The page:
Radically Resetting Record Store Day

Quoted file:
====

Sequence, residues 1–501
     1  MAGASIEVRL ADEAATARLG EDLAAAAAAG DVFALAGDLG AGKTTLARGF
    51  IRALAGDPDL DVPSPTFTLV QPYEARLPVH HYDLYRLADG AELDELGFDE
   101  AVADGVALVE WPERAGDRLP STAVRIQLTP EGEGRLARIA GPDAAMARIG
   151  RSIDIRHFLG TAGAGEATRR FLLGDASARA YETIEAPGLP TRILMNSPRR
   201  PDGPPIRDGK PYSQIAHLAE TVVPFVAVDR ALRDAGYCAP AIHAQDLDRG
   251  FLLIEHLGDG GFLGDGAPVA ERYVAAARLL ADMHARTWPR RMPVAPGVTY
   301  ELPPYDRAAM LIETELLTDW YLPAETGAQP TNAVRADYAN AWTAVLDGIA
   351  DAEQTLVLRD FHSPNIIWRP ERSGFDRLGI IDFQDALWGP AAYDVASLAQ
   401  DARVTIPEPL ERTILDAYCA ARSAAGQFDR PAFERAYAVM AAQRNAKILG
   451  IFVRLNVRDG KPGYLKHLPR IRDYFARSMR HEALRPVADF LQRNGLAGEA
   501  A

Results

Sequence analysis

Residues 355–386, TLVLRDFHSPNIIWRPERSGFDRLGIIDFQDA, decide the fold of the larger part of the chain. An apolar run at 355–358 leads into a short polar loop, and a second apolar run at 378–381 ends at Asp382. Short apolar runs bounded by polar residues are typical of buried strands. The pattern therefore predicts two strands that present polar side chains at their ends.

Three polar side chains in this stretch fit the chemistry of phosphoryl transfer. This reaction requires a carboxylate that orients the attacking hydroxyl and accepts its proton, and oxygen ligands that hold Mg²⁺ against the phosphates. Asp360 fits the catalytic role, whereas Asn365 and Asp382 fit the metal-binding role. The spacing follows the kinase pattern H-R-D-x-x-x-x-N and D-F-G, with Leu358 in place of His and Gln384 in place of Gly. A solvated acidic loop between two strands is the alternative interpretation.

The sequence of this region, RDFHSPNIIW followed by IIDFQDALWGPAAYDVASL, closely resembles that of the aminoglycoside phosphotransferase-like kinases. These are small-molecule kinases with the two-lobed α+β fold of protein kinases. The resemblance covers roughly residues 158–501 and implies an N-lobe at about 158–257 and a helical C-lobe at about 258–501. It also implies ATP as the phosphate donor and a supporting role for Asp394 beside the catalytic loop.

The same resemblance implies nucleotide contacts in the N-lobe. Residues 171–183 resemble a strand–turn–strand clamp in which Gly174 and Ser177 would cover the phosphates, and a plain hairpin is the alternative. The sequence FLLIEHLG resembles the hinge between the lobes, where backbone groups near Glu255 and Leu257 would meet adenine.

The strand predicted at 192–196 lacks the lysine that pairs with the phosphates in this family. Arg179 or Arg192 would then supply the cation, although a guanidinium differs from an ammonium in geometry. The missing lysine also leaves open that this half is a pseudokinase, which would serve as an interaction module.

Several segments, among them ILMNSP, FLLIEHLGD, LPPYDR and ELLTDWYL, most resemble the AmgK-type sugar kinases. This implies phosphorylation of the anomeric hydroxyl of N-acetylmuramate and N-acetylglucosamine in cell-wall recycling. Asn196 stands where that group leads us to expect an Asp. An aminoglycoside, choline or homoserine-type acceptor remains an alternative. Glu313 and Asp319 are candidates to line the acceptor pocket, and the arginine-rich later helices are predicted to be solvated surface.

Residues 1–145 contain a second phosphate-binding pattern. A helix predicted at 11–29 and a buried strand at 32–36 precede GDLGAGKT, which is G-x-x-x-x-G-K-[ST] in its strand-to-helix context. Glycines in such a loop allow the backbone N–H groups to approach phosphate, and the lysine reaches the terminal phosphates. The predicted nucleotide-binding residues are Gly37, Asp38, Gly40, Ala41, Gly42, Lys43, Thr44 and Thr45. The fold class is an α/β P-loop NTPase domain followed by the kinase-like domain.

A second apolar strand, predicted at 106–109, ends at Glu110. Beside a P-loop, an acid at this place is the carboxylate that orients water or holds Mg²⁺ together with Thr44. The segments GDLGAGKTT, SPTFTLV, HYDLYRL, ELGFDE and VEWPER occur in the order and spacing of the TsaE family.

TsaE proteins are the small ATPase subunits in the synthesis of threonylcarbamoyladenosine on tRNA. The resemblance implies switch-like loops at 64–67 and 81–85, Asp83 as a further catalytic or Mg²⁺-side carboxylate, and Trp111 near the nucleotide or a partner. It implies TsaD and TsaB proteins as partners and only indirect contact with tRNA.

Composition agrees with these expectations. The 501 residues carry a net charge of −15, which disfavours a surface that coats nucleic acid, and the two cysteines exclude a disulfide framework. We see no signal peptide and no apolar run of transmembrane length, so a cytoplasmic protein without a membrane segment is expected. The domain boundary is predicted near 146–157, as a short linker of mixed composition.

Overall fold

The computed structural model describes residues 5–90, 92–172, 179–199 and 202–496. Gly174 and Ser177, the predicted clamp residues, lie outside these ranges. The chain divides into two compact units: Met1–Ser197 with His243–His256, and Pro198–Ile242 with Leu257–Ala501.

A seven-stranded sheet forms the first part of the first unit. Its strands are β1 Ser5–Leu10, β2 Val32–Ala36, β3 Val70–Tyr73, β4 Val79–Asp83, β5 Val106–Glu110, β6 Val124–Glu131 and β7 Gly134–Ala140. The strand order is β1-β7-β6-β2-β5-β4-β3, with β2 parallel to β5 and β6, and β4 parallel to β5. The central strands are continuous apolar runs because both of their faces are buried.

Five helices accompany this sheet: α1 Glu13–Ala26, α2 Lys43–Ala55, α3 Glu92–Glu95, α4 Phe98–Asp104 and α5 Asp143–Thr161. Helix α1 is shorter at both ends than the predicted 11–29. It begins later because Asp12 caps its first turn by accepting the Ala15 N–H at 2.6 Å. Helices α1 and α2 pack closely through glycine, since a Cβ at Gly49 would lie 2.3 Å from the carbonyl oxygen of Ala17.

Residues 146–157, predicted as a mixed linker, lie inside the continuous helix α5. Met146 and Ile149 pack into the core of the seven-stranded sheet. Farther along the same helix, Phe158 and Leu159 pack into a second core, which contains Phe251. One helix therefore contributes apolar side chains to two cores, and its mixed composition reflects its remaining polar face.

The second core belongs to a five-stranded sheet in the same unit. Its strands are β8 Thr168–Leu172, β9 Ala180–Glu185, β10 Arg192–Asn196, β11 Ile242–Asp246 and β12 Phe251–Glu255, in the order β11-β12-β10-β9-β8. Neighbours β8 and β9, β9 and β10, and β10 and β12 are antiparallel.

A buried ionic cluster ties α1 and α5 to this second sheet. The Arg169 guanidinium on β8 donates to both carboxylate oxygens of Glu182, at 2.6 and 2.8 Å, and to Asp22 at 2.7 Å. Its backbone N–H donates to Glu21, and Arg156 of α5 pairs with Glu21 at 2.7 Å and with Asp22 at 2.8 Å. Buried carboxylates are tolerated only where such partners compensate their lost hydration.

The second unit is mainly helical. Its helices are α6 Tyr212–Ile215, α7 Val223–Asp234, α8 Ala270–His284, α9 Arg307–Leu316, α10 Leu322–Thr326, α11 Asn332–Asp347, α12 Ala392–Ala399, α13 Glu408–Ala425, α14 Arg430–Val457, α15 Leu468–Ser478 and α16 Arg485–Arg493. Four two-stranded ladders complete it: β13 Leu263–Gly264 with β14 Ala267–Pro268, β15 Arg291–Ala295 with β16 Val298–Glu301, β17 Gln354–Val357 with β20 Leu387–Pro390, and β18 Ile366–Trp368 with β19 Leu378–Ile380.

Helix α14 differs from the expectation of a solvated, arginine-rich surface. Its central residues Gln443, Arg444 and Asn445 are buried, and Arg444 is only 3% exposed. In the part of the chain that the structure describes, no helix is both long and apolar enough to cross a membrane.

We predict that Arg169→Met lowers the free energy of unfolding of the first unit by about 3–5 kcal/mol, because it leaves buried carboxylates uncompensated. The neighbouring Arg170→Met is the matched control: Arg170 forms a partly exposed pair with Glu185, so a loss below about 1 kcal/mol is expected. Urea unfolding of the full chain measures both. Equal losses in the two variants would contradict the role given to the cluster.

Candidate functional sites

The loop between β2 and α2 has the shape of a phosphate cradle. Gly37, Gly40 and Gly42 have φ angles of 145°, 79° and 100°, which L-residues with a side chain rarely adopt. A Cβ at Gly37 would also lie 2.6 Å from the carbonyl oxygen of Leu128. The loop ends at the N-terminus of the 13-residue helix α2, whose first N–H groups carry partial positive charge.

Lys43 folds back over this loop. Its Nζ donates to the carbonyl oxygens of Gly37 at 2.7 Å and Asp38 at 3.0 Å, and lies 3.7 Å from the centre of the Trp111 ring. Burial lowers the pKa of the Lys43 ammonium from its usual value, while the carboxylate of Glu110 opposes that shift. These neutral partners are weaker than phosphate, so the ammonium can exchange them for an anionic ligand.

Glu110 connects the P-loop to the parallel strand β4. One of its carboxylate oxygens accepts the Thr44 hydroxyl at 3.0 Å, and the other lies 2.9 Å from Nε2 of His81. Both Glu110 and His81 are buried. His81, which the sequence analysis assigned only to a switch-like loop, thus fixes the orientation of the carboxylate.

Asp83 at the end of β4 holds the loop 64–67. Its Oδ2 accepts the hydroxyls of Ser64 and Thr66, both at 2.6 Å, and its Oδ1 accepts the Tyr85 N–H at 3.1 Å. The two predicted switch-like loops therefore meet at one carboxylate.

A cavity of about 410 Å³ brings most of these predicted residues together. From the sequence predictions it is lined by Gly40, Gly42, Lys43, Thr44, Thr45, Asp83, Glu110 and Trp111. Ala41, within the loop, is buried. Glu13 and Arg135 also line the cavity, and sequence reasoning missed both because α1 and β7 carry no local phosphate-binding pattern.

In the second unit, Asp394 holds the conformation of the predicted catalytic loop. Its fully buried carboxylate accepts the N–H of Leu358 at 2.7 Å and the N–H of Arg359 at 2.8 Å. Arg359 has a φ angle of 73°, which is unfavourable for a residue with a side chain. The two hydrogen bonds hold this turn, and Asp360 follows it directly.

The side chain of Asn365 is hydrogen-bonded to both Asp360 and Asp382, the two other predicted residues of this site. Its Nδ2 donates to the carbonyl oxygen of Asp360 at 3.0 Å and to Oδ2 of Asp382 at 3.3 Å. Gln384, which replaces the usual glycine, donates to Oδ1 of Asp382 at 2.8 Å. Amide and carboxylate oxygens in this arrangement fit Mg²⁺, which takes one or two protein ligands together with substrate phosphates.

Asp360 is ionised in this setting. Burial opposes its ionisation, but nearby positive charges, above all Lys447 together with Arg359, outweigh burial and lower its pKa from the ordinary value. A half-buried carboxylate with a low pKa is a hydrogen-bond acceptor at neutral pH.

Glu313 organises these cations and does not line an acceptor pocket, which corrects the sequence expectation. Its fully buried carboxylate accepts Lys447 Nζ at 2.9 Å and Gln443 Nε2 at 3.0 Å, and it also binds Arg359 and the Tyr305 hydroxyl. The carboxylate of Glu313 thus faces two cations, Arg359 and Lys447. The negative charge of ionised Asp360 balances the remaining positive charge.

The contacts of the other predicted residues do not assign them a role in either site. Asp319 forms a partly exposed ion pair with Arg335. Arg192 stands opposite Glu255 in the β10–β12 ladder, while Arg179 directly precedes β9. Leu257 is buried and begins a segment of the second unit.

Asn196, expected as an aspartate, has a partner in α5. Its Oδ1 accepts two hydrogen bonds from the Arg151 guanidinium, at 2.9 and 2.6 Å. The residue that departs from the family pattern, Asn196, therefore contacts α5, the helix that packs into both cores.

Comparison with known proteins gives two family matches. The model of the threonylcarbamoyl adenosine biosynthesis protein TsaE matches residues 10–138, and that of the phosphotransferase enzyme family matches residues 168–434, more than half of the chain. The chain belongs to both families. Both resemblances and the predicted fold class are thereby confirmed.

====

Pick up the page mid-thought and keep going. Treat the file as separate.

Remember Record Store Day?It was barely a month ago gone and so now the dust has long settled, the bunting is down and the hype machine has moved on.I was there at the end, and at the afterparty where boxes of 7 inches and more were turned into a flowing sea of happy feet and faces at The Tiger.Tom suggested taking the tips and insights he gave and revisiting matters in a couple weeks before interest was gone.Trouble was, interest was already gone, internationally, before the last wax had been spinned and bar tab settled in Camberwell. There was less than no point to say anything, cynically.I've been searching for inspiration ever since.And now I realise this is the same problem infesting Record Store Day itself.On the day more records were sold and groovy people came through the sacred door of Rat than any other time in the year.However, Record Store Day was the reason but not the result in terms of what people really wanted and asked after.Less than 5% of punters asked about the releases made available for the Day Rat could hardly get if we wanted, and are of little relevance to customers. No-one told we did not have them went away unhappy.Missing out on a repro Adam Ant 7 inch is less cause for tears than facing a flaccid fart on 436 bus.The marketing jive provided was low grade, intern Xeroxed stuff. A logo so shoddy it looks like every D-grade music festival 'featuring' Bonnie Tyler from Swindon to Swansea, and some stickers.It seemed like the UK variant of the Day was run by a couple bored rich kids in a basement.The UK is one of the largest music markets in the world.If the masters of RSD had not lost interest, much less inspiration, in the UK, they would have staffed it up hard.We approached the media to share our not at all negative but not hype infested take on it all, and get more people to feel the Rat Magic. The response was more lukewarm than microwaved cat vomit.Major music journos, not anonymous nothings like me, shrugged.They dug Rat, They felt the blood truth of vinyl. But they had heard more than enough from, and about, Record Store Day. Perhaps permanently.What is it, really? Some criminally priced special releases of stuff not quite special enough to merit their own release window. Really find a lost David Bowie radio show from 1973? Why lose the lucre and the attention in the fog? Increased footfall in the already hot likes of Rough Trade. Yawn. Whatevs. Etc.There were only 55 pieces of media coverage in the UK for RSD.Most credible stuff was around the shop worn Foo Fighters coming out with some kind of documentary I cannot be arsed to watch.I'll give a clue to my not so secret identity by revealing I have spent almost all my miserable adult 'life' in marketing and advertising.Before you quote Bill Hicks and encourage me to act on many justified suicidal urges remember that the first scrawls of the written word beyond rude money owed accounting shit was pimping one wine or olive oil over another. In Pompeii the prostitutes had logos on their sandals that had the Latin for 'Follow me for Sexy Sexy Time' on the bottoms to brand the street strewn dog and horse dung ensuring horny punters came along.And anyone in my trade will tell you in its current form RSD is as played out as 'Car Wash' at a fucking wedding reception you're only at out of dumb social duty.It will either stay as it is, or decline slowly. There is too much Major label interest for it fizzle out altogether but the media and the beardy zeitgeist have left the building.What is a way forward? Three things.Some of them are dead tacky but we need to sacrifice some cool to keep alive. Start with Richer Sounds and CD on wax Reissues then end up at Rat. I know I did. Evolution is possible.1: Hardware and bringing more shops - not just record shops, into it. We need more than the major labels and even the 'independents' shilling records not special enough to stand on their own, but a gateway drug of fucking hardware. Sony. Marantz. Rega. Panasonic. Innovators like U-Turn Audio. Technics still exists in Japan, they just don't do decks. But the stuff to make 1200s did not end up in the bin - they just need a good reason to make them again. What could be a better reason than RSD? We need Amazon, Richer Sounds, Dixons, Argos, Tesco for fucks sake - not just record shops. We need vinyl starter kits with whatever Jack White sub-Stooges shite people want when they begin. Make the hardware mainstream, and some people will eventually find something decent to do with it.2: Bring Used out of the cold and into the heart of RSD. Again, this is a lifestyle choice. It's the ability to play the discs and have discs to play. Like so much of the analogue world, we stand on the shoulders of giants. Even if that giant is Uncle Saul's collection of New Wave LPs. There will always be more secondhand records than new pressings. Despite the noise, no-one is making new pressing machines or plants. Reissues are often digitally mastered if not just big, crude copies of CDs with surface noise.3: Have two, three or four a year. Make it a surprise! Loving records, music and choosing vinyl is part of what who people ARE and feel. You are not YOU just one day a year. Why not make it a real shock what hardware and software will come, when and why? Don't make it a dead day in the calendar, make it way of LIFE.Whatever happens, Rat will be Rat and be there.We are not a fashion, we are part of a religion.But those that control this need to take a step back, smell what they are shovelling and move on to something bigger, and deeper.That matters, and lasts.Or else in 2016 there will be 23 pieces of media coverage in the UK, more obscure and irrelevant than in the 15 with the "Electric Banana" marvelling at some Nirvana sideman act and fucking James Last repros.It's not a day, it's a choice to be great as a human being. A choice we take and love, every day.